We are now in the hands of a demographic who have simply had enough of progressive concepts says Joyce McMillan
Tuesday of this week, in the Scottish Parliament; and MSPs are debating the Conservative government’s notorious “rape clause”, the provision which exempts mothers from the recent legislation limiting state family credits to two children, provided they are willing to fill in an eight-page form proving that their third or subsequent child was conceived as a result of rape.
In a rare show of unity, the SNP and Labour parties unite to condemn this horrible piece of legislation; indeed the Labour leader, Kezia Dugdale, makes the parliamentary speech of her life, reducing the Tory ranks to what seems like a stunned and ashamed silence. And their leader, Ruth Davidson, looks particularly uncomfortable - as befits a social liberal who helped to kick-start the recent Conservative revival in Scotland by shaking off the Tories’ “nasty party” image, and giving the party a younger, more tolerant and more compassionate look.
As the debate unfolds, though, it’s difficult not to feel a sense of futility, as if the criticisms of the measure - however eloquent - are simply failing to hit any target that might actually make a difference. For of late, something has happened to right-wing politics in Britain, and perhaps across the western world; a sharp swerve to the right - typified by the Tories’ sudden shift towards a ‘hard Brexit’ - that seems to have left many voters impervious to arguments about the cruelty or bigotry of the policies they support. It first became obvious during Donald Trump’s presidential campaign, when his supporters resolutely refused to be shocked by any of his comments, whether racist, sexist, or downright abusive.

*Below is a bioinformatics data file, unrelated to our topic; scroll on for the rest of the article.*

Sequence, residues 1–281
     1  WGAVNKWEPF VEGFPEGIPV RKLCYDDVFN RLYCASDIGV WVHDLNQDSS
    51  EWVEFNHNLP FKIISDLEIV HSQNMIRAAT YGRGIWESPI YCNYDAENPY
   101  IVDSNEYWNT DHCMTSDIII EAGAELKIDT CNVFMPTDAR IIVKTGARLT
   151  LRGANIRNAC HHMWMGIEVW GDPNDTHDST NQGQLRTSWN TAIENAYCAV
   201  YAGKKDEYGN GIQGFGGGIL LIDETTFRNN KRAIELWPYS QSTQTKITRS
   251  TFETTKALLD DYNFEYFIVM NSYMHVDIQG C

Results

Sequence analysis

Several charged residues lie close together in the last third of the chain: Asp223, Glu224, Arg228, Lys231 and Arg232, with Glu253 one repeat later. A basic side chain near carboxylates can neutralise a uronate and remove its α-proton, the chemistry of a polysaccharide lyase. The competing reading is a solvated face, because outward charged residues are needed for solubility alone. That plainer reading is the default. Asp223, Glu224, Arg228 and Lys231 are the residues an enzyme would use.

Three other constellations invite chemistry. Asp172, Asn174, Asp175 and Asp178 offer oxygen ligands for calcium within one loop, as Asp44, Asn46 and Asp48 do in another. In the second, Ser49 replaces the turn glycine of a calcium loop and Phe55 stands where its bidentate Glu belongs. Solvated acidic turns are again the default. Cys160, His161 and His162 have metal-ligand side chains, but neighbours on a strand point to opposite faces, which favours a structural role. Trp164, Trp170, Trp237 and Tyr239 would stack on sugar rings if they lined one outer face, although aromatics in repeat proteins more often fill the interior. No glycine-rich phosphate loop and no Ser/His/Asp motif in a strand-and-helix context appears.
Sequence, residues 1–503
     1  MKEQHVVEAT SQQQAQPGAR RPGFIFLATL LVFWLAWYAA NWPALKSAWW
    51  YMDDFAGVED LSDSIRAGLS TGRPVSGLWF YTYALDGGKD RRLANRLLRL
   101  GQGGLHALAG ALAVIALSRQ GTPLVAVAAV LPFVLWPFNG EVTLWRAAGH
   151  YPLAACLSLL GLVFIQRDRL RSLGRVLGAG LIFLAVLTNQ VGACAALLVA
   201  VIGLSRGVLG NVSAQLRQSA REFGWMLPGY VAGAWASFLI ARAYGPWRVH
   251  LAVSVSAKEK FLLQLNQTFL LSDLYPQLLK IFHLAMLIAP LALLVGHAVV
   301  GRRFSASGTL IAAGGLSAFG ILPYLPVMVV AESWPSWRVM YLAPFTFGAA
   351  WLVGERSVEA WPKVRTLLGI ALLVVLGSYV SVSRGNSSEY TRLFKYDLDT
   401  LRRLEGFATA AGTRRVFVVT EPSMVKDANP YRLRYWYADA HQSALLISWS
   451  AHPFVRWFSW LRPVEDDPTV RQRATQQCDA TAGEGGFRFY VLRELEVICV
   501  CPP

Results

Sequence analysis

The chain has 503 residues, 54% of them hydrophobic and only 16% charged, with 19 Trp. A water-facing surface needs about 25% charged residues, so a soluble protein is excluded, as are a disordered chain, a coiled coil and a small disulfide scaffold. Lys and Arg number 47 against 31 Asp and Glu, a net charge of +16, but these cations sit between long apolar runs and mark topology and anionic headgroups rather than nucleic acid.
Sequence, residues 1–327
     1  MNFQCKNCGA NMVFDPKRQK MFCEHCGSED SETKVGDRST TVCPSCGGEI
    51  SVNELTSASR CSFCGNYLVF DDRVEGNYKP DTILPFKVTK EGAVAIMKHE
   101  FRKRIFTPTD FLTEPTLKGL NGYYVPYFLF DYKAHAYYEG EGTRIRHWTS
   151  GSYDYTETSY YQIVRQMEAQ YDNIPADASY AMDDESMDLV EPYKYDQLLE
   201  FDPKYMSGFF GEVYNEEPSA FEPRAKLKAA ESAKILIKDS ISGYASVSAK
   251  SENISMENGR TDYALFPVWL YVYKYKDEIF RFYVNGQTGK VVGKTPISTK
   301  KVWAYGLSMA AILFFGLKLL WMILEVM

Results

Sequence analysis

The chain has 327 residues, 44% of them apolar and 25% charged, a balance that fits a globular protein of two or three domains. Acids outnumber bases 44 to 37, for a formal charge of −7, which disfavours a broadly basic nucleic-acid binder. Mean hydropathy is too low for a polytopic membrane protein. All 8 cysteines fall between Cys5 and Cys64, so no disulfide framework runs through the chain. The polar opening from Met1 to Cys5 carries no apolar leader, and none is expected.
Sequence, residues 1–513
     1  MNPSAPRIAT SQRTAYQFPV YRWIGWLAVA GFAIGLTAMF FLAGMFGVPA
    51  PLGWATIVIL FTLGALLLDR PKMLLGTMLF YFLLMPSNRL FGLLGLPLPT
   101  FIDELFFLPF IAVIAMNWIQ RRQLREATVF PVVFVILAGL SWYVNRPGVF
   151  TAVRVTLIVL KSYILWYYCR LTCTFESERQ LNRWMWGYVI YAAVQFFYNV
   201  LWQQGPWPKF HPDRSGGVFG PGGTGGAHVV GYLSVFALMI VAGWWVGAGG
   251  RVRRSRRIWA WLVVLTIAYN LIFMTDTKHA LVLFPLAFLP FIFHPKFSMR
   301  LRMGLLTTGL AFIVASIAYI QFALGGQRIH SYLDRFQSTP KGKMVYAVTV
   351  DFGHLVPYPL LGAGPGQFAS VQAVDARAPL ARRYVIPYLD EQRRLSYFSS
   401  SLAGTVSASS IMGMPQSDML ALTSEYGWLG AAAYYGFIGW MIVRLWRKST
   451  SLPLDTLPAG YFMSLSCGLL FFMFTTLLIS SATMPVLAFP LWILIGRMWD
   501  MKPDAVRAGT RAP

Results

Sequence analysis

And since the EU referendum, it has become increasingly clear that here in Britain, too, our politics is now being driven by a large group of mainly older voters who have simply had enough of the 21st century and its supposed values, and want to dial back to some imagined past. By the time the polls close on 8 June, Scotland will have endured no fewer than six major elections in less than 1000 days; and it is a fact that if only voters under 40 had taken part, at least three of those six would have had radically different results, with Scotland becoming independent, all the countries of the UK remaining in the EU, and Jeremy Corbyn now looking forward to moving into Downing Street.
Yet thanks to high voting figures among older age-groups, and the increasingly right-wing views of that group, the Britain in which we are living - overwhelmingly Tory, and committed to a hard Brexit despite a wafer-thin majority for any Brexit at all - has become a country shaped largely by older men and and women, according to their own priorities. It’s not, of course, that all younger people are radical and progressive, and all older people reactionary and illiberal; to generalise about whole generations is always to do a grave injustice to those who do not fit the stereotype.